Donkeys in Jordan face extinction as donkey products grow in popularity elsewhere

Jordan

Published: 2020-08-23 12:43

Last Updated: 2021-06-21 17:55


Donkeys in Jordan face extinction as donkey products grow in popularity elsewhere
Donkeys in Jordan face extinction as donkey products grow in popularity elsewhere

As donkeys in Jordan face extinction, trade for its milk and cheese products are flourishing in many regions of the world.

An official at the Ministry of Agriculture said the reason behind the decrease in the number of donkeys in Jordan is due to societal development.

Warnings about the extinction faced by donkeys in Jordan have increased as their numbers continue to decrease, particularly the local donkey, which is most at threat. 

However, production of donkey products has become a profitable economic activity in many countries in the world, such as Iran.

In some regions in Iran, the donkey has become a producer of milk, cheese, oil and meat, and people have started to benefit from skin products - even using its faeces in traditional medicine, sold at very high prices.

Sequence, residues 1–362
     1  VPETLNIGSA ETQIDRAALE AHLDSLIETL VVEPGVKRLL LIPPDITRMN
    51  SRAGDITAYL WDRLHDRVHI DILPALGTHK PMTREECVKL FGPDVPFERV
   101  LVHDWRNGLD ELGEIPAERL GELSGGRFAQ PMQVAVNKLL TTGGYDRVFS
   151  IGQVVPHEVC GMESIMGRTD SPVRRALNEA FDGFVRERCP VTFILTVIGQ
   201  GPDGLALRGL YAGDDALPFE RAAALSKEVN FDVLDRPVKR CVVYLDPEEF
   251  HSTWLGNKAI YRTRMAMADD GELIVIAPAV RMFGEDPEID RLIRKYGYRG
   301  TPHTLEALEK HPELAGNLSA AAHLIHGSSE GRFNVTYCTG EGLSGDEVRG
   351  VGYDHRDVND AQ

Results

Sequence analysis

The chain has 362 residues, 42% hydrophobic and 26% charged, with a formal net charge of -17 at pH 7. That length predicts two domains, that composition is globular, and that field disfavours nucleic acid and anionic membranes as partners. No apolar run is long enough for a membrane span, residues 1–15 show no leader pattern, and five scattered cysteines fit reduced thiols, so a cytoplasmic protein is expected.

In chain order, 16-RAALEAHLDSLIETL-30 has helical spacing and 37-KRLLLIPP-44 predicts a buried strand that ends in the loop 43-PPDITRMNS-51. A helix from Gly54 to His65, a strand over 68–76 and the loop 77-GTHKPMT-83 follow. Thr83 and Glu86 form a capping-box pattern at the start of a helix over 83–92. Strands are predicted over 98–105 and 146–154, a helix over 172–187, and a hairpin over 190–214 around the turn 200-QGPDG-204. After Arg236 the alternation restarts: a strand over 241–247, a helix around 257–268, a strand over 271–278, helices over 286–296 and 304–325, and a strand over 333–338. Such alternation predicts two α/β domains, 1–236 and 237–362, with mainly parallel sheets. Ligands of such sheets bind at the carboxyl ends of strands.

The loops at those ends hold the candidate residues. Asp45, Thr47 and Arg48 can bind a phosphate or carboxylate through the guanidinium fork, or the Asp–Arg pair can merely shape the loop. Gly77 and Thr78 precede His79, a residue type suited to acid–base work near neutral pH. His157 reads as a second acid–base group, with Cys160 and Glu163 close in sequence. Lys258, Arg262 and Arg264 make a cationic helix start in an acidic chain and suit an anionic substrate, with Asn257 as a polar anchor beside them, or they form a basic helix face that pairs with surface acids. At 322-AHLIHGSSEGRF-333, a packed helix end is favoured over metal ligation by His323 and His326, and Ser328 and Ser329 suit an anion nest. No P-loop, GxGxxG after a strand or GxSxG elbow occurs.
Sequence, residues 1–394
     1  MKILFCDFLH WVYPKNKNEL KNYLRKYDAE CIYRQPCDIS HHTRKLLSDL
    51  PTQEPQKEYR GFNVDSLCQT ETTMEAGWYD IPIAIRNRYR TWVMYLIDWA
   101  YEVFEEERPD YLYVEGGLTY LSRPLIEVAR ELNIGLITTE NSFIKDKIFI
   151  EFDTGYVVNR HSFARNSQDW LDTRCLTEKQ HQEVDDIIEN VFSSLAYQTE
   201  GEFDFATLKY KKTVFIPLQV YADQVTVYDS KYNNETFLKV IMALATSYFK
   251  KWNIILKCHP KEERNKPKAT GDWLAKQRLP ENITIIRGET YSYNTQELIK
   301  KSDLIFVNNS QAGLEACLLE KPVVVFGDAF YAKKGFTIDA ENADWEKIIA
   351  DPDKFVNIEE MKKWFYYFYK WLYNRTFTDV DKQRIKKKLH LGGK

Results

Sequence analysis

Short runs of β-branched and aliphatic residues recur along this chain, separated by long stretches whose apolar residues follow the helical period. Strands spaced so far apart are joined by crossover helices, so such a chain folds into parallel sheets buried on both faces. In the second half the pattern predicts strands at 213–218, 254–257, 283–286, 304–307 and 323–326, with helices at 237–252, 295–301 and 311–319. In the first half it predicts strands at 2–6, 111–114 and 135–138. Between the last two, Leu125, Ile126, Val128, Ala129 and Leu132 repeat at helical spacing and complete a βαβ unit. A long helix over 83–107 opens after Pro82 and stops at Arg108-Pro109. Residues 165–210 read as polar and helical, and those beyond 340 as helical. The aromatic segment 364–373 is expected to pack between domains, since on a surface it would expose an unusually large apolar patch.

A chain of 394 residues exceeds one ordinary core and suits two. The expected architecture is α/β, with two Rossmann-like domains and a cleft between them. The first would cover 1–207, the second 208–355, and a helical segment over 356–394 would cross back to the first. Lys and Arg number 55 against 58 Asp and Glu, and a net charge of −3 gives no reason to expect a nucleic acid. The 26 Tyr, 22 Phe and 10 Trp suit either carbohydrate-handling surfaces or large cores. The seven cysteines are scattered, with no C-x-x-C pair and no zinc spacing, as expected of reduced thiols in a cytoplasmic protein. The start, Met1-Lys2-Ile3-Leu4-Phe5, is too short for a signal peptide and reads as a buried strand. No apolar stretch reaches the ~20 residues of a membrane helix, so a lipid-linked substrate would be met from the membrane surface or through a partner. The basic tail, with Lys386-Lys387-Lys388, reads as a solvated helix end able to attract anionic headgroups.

Recently, donkey farms have spread in Iran due to the variety of its products and the low costs of raising them compared to other animals there.

In Serbia, a farm produces what is believed to be the most expensive cheese in the world which is made of donkey milk. One kilogram of it is sold for $1,328.

The cheese is characterised by its white colour and rich taste, in addition to its health benefits, but one kilogram of it requires 25 litres of donkey milk, according to The Economic Times.

A cheesemaker, Slobodan Simic, said donkey milk is believed to have similar properties to a mother's breast milk, and it is also a treatment for some diseases, such as asthma and bronchitis.

Donkey milk is very protein-rich, and the United Nations has recognised it as a good alternative for those who suffer from allergies to cow's milk.